An epiphytic bromeliad used in the study
Home » Effect of seed removal by ants on the host-epiphyte associations in a tropical dry forest of central Mexico

Effect of seed removal by ants on the host-epiphyte associations in a tropical dry forest of central Mexico

Vascular epiphytes account for around 9 % of vascular plants worldwide. The presence of epiphytic flora increases the species richness and structural complexity of forests, as well as providing resources for fauna and offering new sources and routes for nutrient and water cycling in the forest. In a recent study published in AoBP, Vergara-Torres et al. focussed on the relationship between epiphytic bromeliad species (Tillandsia spp.) and ants in tropical dry forests of central Mexico. In addition to being considered primary consumers of seeds, ants can act as primary and secondary agents of dispersion, since they collect seeds that have fallen from the trees or have been dispersed by the wind. The aim of this study was to experimentally test whether seed removal activity is higher in tree species with smaller epiphyte loads compared to those with greater epiphyte loads.

An epiphytic bromeliad used in the study
A Tillandsia caput-medusae small plant growing on a Sapium macrocarpum branch after more than one year of being experimentally sown. Image credit: Vergara-Torres et al.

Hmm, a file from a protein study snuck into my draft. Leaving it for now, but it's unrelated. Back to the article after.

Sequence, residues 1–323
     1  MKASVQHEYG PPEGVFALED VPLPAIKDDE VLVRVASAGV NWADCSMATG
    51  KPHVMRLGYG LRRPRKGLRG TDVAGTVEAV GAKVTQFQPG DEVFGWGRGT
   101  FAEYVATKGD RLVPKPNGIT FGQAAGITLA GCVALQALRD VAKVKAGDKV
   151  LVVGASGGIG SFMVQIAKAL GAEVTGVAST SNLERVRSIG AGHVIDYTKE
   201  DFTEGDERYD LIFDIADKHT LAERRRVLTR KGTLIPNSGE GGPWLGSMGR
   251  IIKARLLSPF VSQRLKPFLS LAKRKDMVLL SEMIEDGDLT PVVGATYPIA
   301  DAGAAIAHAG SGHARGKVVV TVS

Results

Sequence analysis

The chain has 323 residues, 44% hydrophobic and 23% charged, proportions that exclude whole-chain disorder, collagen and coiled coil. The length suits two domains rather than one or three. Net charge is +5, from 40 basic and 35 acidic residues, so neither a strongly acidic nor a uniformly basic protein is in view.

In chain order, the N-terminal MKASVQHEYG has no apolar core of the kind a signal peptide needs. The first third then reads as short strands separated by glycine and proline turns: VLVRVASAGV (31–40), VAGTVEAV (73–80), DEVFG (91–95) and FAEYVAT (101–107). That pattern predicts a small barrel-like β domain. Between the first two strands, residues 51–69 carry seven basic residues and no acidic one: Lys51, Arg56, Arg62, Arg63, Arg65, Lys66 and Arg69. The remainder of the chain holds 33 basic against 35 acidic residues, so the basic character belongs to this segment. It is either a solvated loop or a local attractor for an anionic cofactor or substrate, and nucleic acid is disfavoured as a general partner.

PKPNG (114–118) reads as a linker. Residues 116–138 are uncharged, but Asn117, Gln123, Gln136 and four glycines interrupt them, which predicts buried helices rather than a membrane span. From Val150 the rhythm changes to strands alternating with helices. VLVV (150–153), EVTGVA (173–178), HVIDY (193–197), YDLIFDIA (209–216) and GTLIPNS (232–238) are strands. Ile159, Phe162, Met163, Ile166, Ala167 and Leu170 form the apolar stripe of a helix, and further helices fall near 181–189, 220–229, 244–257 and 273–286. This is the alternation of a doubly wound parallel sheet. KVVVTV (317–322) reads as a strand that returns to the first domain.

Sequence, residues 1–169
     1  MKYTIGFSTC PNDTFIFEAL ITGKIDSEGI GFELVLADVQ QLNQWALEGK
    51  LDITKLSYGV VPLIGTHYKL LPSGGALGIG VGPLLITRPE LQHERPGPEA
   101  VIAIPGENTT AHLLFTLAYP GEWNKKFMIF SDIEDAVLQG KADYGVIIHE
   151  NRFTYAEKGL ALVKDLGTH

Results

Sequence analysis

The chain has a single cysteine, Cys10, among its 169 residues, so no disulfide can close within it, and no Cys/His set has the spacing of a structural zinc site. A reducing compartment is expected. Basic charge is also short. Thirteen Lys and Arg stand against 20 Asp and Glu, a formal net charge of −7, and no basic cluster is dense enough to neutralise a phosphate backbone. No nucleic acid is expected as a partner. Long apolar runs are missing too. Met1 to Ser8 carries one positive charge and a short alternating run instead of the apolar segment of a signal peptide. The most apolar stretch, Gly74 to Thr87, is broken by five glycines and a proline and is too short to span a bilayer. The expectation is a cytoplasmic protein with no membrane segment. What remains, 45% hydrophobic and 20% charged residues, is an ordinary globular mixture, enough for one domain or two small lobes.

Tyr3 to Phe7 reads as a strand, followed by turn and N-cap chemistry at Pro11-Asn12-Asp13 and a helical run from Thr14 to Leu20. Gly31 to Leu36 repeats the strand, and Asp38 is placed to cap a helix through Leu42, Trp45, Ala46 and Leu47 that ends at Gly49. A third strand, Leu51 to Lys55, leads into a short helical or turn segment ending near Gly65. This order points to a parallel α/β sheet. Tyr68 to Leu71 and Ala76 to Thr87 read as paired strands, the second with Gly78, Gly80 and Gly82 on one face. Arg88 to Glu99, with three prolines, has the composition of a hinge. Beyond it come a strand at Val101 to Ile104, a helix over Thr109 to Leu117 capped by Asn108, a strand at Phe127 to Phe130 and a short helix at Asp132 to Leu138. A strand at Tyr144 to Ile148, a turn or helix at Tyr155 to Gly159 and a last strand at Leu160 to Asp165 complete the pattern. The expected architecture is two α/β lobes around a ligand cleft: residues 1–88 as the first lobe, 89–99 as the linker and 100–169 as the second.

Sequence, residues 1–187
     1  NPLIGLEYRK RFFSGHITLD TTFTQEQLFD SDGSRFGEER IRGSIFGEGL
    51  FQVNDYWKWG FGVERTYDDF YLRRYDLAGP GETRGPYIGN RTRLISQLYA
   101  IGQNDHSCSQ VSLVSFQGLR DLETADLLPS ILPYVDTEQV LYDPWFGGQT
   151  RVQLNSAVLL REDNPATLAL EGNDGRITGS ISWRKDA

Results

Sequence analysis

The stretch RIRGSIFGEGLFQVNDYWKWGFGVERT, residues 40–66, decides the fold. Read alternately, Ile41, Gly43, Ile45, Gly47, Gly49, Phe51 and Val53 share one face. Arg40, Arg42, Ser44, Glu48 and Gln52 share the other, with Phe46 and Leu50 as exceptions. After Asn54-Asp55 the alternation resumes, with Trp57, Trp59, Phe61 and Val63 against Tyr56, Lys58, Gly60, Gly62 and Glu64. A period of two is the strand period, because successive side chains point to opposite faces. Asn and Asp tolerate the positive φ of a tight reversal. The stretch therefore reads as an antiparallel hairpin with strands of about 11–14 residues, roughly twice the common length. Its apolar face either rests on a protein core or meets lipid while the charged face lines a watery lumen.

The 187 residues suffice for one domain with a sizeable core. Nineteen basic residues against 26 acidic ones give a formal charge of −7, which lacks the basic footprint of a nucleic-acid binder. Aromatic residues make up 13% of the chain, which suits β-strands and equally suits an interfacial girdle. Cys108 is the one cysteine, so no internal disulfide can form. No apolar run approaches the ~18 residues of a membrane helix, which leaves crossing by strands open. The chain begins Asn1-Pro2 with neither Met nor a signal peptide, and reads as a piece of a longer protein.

Seed removal differed among hosts and different soil substrates in the forest. Relating seed removal to the abundance of arboreal ants, the most consistent pattern was that lower seed removal was related to lower ant abundance, while high seed removal was associated with intermediate to high ant abundance. Epiphyte seed removal by ants influences epiphyte abundance and can contribute considerably to a failure to establish, since it diminishes the quantity of seeds available for germination and establishment. Further exploration of the mechanisms of association between trees and ants will help us to better understand the structure of epiphytic plant communities.

William Salter

William (Tam) Salter is a Postdoctoral Research Fellow in the School of Life and Environmental Sciences and Sydney Institute of Agriculture at the University of Sydney. He has a bachelor degree in Ecological Science (Hons) from the University of Edinburgh and a PhD in plant ecophysiology from the University of Sydney. Tam is interested in the identification and elucidation of plant traits that could be useful for ecosystem resilience and future food security under global environmental change. He is also very interested in effective scientific communication.

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